March 25, 2021
Read time: 5min
March 25, 2021
Read time: 5min
Too often the data and insights business managers need to solve problems and make strategic business recommendations are spread across disparate sources, bogged down by information silos inside teams, business lines, and platforms.
In 2019, Gartner reported that almost 90% of business managers said it was important to use data to make their daily market-facing decisions. The same study reported business managers consult four or more different data sources, including colleagues, market insights, direct customer interactions, customer experience, and analytics and intelligence teams.
And that’s just internal data sources. The report showed managers also consult external sources like Google, consultants, industry resources, and public blogs and media.
That’s why leaders came together at the Market Logic Insights Roundtable to talk about smart ways to bring all their sources together on one platform, so insights are at the fingertips of those who need them when they need them.
During our Roundtable, experts from Prudential, Dyson, and L’Oréal shared a common focus: the need to breakdown information silos, consolidate information across multiple teams, and facilitate collaboration and social engagement, all on a central market insights platform.
Digital transformation is top of mind for Prudential and pivotal for their competitive advantage. “Embracing technology is key to making sure we’re leaders in the life insurance space, and that internally we lead with insights,” said Keith Golembiewski, Prudential’s Director of Strategic Insights and Workplace Solutions.
Prudential’s “AiME” (Artificial Intelligence and Me) platform is centre stage in these efforts. The platform serves end users and contributors across 14 organizational units to support nimble decision-making and facilitate a “hub and spoke model, with two-way flows between all teams and business lines,” Keith explained, “so we can be smarter, investing and sharing within this system, to impact the overall business strategy.”
Keith shared that in the span of “just a couple weeks,” the insights team recently leveraged AiME’s vast resources to synthesize “more than half a million dollars worth of insights”—this allowed business teams to create and validate their strategy for their newly launched “Managed Advice” program.
As the Senior Insight Manager responsible for Dyson’s “Searchable” insights platform, Tom Fitzgerald says his role is focused on making sure Dyson is getting full value from all its existing research, knowledge, and data. To achieve this, Tom says Searchable serves two purposes: first, to make better decisions by leveraging all the firm’s relevant insights and, second, to do it efficiently.
“We’re shifting focus to how we’re impacting decisions with the quality of information we serve, not just the quantity,” Tom explained. “It’s all very well having lots of reports and information on the platform, but to really deliver value, we wanted to summarize what we know about a topic from all of the different perspectives.”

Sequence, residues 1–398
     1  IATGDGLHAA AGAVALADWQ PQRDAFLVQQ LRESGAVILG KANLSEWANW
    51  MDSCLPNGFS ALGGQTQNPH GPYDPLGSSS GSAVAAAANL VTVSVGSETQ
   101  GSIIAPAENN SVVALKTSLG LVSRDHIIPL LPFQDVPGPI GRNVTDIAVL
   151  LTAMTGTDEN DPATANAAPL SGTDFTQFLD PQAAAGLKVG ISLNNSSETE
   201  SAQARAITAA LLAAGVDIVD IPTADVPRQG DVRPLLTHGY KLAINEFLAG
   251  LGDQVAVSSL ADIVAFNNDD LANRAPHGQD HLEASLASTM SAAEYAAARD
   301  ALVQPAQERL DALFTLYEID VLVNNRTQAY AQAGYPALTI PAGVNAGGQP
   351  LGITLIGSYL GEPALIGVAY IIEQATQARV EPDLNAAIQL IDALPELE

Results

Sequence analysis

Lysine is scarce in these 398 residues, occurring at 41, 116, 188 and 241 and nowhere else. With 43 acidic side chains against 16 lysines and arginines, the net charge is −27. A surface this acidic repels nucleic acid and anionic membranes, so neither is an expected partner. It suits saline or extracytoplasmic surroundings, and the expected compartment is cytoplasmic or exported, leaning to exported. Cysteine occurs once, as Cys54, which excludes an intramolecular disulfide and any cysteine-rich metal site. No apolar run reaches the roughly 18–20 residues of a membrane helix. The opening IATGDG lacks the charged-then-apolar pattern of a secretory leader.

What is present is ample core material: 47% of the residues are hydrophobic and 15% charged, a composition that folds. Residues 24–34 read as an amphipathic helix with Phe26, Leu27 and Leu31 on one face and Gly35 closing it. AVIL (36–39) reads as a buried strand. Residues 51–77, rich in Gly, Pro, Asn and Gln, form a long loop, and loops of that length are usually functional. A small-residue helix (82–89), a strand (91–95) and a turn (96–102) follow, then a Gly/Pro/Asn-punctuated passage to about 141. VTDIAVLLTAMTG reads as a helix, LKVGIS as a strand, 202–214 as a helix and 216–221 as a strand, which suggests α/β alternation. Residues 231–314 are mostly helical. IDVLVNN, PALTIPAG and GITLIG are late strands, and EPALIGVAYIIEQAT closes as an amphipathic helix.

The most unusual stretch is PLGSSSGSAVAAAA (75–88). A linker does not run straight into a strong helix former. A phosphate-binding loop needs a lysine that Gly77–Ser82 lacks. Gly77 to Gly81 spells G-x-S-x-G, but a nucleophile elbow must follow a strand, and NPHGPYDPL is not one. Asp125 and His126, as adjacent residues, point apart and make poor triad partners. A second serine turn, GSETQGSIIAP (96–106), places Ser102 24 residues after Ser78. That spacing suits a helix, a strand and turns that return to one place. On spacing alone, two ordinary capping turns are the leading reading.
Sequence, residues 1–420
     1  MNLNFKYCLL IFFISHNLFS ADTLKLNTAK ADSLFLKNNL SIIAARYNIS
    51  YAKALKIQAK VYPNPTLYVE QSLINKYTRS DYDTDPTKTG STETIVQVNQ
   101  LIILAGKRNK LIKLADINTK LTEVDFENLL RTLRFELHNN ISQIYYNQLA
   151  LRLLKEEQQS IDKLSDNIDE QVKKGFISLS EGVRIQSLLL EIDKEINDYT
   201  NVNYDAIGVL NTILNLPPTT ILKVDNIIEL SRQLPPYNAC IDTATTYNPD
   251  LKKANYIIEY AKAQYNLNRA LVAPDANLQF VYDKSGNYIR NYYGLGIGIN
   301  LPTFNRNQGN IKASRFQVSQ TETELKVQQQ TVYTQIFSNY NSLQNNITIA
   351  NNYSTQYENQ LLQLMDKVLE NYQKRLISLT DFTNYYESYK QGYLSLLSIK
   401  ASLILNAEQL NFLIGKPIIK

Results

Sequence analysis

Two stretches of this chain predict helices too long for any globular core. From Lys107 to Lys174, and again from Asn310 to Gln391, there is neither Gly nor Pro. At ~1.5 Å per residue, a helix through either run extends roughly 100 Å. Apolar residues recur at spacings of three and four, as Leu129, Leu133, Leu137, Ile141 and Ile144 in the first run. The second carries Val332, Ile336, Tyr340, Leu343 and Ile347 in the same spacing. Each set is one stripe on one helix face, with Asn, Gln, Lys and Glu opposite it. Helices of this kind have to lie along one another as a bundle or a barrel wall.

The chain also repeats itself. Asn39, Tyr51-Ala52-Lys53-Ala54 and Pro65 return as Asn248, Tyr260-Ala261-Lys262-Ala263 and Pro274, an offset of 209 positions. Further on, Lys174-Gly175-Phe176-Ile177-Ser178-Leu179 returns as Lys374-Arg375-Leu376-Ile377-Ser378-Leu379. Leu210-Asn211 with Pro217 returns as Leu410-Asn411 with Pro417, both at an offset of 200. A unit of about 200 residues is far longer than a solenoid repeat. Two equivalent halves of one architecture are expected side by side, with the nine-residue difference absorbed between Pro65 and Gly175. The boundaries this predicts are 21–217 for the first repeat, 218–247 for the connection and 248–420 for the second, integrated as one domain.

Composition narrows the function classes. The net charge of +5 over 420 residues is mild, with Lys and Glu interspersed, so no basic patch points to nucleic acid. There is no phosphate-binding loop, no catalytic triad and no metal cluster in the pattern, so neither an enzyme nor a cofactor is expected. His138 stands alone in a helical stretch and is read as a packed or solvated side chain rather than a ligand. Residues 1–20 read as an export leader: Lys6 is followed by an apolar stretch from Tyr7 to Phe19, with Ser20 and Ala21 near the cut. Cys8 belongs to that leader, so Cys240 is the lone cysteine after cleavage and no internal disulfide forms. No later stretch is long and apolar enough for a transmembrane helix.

Tom shared an excellent example: the COVID-19 hub they curated to present all Dyson’s knowledge on consumer behaviors through the pandemic. This reliable, up to date knowledge zone was “put together by 17 different people from all the different insights teams,” Tom explained.
Not only does the COVID-19 knowledge zone dissolve silos between insights held by Dyson’s 17+ diverse insights teams, but it also facilitates collaboration between the teams. “Keeping that hub updated regularly is an ongoing challenge that we meet through collaboration across the different teams within the knowledge zones,” Tom explained.
When L’Oréal’s incoming CEO Nicolas Hieronimus saw an insights opportunity in his review of the company, he gave a clear direction from the top: break down knowledge silos across internal brand teams within the company. Julia Sahry, L’Oréal’s Global Consumer Insight Director, took the lead, launching L’Oréal’s Market-Logic powered insights platform “One Intelligence” a year ago.
Julia and her team started their journey to break down knowledge silos by mapping all the places where market-facing information resides. “We ended up with more than 60 different sources and SharePoints, each of them completely isolated, not sharing their information with the others,” she explained.
After choosing Market Logic, Julie and her team got to work and launched One Intelligence in February 2020 to 40,000 users—that’s half of L’Oréal’s employees.
Julia said it was “very important for us to make the knowledge accessible to anyone.” The objective was to fuel customer-centricity across the organization by enabling everyone to use the information to develop their products.
“We wanted a junior product marketing researcher and a Head of Country or even Head of Division to access exactly the same information,” Julia explained.
In Q&A, panellists discussed the benefits of executive endorsements to drive their platforms’ usage. At the Grand Opening of L’Oréal’s platform, endorsements from the new CEO, Group VPs, Country Heads and CMI leaders around the world “made everyone at ease with sharing their knowledge,” said Julia.
Frank agreed that at Prudential, the executive endorsement was key to “lead by example, understand the value of insights, and build the muscle memory for our organization to say this is the way we should do business”. He argued that this was even more important to push the use of market intelligence downstream to frontline employees, for use in tactical work.
At Dyson, Tom said the Chief Commercial Officer was the primary sponsor for the Searchable platform and one of its strongest advocates: “That’s been a key part of really getting it embedded, something that people use widely on a weekly basis.”